When I worked at Apple back in the 80s and 90s, James Burke's Connections series was all the rage. He would show how one innovation (say stirrups used by 11th century Normans) could lead to a completely unexpectedly connected innovation in modern times (the telecommunications industry, for example). It was a fascinating show and well-worth tracking down.
There's a modern version called Engineering Connections hosted by Top Gear's Richard Hammond. Hammond doesn't have Burke's panache, but Hammond is from Top Gear, so it's all good. Also worth tracking down.
The reason I'm bringing up Connections is I'm often fascinated by how one chess move on the part of a competitor may lead to an entirely unexpected chess move by another competitor.
Here, of course, I'm talking about the Kindle and Apple. As almost everyone now knows, Apple doesn't support Flash on iOS devices. Prior to Apple's big anti-Flash splash, HTML5 was a technology that only a relatively few outliers were paying much attention to (at least, as compared to the level of entrenchment that Flash enjoyed).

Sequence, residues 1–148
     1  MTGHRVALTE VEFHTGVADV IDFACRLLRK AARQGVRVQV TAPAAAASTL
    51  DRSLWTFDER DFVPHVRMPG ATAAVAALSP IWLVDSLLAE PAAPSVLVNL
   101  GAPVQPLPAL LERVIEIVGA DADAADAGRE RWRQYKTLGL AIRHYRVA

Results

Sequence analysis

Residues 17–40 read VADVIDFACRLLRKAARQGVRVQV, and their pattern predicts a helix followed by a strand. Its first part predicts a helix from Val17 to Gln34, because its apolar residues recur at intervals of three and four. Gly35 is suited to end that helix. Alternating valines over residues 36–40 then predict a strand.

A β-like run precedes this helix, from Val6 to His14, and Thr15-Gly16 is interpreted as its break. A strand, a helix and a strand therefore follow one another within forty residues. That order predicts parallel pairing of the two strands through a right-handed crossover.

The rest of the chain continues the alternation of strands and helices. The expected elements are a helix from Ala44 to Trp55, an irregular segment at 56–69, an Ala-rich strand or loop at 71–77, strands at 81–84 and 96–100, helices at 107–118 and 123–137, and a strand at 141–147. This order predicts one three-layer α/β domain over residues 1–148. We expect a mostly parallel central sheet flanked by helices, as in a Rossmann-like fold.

But since HTML5 was an approved-of technology for iOS devices and was the substitute solution for many Flash-based sites, interest in, expertise in, and support for HTML5 grew exponentially. The connection here was Apple's dissing of Flash led directly to the growth of HTML5.
Another Apple strategic action was the banning of in-app ordering, unless they got their 30% cut. For many smaller vendors, this was a wonderful opportunity, but for vendors like Amazon and their Kindle store, the 30% cut was a completely impractical demand on the part of a competitor.
Initially, this accomplished Apple's apparent goal, of pushing purchases of books from any but Apple's own iBooks application off iOS devices. But, of course, iOS devices are a huge market and worthy of Amazon's attention.
So, now, Amazon has swept back into the in-app purchase game, and they're doing it right on the same iOS devices from which they were banned not so long ago.
Enter Kindle Cloud Reader, a beautiful, HTML5-based application that provides all the reading support you might want on your iPad (and, probably soon, on your iPhone). Because you can run Kindle Cloud Reader in Safari, in-app purchases are fully supported and Apple can't do anything about it.
So, what makes Kindle Cloud Reader possible? What makes Kindle Cloud Reader as nice an app as any from the App Store? The answer is simple: HTML5.
And there's your connection: Apple blocks Flash in favor of HTML5 and as a result, their attempt to block Kindle in-app purchases in favor of iBooks in-app purchases is overcome because of HTML5.
It's almost poetic.
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